Allegorization was one of the techniques medieval used, adapted from ancient writers, to incorporate pagan writing in a biblical framework. As Ernst Curtius (European Literature and the Latin Middle Ages) writes, “the Middle Ages subjected profane writers to allegorical interpretation exactly as it did the Bible, and . . . regarded them as sages or ‘philosophers’” (52).
Allegorizing becomes the mode of interpretation during the medieval period: “It finds expression not only in the ‘moralizing’ of Ovid and other authors through allegorical interpretation, but also in the fact that personified beings of a supersensual nature . . . . could become the principal personages of poetic creations: from Purdentius’s Pychomachia to the twelfth-century philosophical epic; from the Romance of the Rose to Chaucer and Spencer and Calderon’s auto sacramentales. The allegorical concept of Homer was still self-evident to Erasmus.” Among pagans, allegorizing of Homer was part of a defense of Homer against philosophical attack: “It was then taken over by the philosophical schools, and also by history and natural science. It was in harmony with one of the basic characteristics of Greek religious thought: the belief that the gods express themselves in cryptic form – in oracles, in mysteries. It was the duty of the discerning man to see through these veils and coverings, which hid the secret from the eyes of the crowd – an idea which still influences Augustine” (205).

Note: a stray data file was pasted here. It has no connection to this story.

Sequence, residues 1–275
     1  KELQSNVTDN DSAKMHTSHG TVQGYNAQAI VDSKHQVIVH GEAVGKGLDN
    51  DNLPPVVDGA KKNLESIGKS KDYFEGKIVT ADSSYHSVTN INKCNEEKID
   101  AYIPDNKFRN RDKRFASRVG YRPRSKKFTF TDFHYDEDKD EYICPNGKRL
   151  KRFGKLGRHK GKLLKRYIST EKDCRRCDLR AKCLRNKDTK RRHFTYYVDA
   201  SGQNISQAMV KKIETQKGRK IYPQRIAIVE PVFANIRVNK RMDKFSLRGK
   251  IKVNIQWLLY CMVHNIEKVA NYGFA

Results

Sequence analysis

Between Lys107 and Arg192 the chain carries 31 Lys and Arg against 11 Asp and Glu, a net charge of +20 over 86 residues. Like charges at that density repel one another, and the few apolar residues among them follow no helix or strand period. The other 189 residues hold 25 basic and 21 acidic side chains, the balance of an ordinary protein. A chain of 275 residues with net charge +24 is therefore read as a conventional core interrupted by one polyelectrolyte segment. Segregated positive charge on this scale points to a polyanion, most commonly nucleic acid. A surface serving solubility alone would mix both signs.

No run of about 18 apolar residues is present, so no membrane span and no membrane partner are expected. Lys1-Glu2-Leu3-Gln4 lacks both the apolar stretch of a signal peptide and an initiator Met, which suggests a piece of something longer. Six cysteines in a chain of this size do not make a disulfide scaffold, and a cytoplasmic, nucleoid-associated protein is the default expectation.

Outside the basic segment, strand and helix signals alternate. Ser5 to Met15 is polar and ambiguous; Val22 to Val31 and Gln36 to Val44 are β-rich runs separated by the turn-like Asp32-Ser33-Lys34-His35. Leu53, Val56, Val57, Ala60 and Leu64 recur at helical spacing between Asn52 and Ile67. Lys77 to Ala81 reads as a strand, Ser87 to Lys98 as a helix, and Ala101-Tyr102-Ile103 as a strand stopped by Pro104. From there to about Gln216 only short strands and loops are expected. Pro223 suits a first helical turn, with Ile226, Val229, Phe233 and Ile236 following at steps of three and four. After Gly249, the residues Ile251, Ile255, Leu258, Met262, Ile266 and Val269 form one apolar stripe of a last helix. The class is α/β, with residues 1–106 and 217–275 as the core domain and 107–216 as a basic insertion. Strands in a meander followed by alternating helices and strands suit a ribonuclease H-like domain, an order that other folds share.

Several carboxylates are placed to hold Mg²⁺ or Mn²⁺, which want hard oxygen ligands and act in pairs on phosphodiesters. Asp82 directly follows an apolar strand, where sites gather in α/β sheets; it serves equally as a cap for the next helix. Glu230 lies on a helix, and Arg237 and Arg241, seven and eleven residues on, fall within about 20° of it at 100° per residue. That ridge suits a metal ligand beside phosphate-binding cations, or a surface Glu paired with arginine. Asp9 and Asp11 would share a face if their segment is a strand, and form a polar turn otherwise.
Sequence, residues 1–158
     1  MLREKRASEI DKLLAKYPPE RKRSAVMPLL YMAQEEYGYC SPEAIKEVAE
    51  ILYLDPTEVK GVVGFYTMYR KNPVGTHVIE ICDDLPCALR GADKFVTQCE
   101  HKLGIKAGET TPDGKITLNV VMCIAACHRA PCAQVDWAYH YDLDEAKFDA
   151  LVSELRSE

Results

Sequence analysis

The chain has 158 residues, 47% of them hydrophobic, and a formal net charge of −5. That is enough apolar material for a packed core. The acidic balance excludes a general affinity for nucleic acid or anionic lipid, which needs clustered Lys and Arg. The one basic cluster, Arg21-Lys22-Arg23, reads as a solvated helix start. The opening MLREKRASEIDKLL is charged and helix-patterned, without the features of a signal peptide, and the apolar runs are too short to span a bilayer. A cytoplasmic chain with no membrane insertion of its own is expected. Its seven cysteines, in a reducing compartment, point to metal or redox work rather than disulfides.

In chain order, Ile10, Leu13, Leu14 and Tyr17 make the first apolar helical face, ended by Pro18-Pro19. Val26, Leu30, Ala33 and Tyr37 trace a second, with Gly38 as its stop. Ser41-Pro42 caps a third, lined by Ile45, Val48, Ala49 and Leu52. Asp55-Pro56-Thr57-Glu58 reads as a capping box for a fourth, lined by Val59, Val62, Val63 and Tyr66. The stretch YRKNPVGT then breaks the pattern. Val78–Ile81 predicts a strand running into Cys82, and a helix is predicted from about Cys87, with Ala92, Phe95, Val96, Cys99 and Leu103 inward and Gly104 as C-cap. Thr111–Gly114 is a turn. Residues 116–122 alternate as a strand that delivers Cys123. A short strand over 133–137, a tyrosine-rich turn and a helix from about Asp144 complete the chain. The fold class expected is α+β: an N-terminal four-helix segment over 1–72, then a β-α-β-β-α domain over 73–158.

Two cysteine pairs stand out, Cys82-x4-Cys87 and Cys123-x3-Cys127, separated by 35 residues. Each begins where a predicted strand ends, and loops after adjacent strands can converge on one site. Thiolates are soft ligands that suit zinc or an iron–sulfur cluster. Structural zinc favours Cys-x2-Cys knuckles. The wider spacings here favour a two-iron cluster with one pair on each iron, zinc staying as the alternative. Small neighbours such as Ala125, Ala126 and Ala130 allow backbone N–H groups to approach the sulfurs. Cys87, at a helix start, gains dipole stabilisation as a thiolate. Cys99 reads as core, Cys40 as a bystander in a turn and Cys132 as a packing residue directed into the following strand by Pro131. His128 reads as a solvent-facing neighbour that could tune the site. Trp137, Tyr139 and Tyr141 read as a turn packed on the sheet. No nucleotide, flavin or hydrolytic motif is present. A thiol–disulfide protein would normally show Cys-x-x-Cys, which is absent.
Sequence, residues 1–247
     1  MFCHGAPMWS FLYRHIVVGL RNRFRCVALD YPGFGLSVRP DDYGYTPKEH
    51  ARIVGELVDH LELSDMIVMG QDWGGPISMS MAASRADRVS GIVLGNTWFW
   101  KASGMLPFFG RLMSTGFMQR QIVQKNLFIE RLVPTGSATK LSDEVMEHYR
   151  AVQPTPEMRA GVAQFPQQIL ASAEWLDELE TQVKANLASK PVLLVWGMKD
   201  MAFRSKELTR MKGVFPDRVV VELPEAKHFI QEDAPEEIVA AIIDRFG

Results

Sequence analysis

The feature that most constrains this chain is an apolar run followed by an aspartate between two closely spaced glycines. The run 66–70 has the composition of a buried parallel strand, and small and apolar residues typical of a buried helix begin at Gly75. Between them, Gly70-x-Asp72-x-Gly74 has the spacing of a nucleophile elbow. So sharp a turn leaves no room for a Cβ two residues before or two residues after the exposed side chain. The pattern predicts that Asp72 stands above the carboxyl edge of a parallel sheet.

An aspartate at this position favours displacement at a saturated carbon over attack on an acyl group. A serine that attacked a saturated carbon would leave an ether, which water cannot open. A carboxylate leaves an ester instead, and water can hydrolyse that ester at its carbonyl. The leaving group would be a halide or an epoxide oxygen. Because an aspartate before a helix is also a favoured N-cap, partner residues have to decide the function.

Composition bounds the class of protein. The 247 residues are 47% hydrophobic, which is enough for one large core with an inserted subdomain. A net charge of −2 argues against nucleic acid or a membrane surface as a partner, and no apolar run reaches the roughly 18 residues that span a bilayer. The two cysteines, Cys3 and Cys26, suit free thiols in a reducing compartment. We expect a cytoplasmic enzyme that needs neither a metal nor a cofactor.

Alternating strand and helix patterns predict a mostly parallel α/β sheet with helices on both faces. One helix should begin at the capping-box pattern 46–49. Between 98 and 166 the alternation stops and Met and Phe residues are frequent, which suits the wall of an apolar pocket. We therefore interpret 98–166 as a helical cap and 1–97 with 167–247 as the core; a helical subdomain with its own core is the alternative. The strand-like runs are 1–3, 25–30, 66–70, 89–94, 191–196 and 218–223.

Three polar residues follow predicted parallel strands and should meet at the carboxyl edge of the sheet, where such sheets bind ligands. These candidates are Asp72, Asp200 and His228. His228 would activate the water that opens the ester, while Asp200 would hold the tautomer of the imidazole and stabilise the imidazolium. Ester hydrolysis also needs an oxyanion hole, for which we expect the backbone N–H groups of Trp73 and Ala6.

This continues, Curtius says, until “Scholasticism put an end to the confusion of philosophy with poetry, rhetoric, proverbial lore, and the various learnings of the schools. The old connection between the artes and philosophy is severed at a blow” (213). This last is at best an overstatement. Thomas is still quite at home with allegorical methods of interpretation, as is evident as much in the Summa as in his commentaries.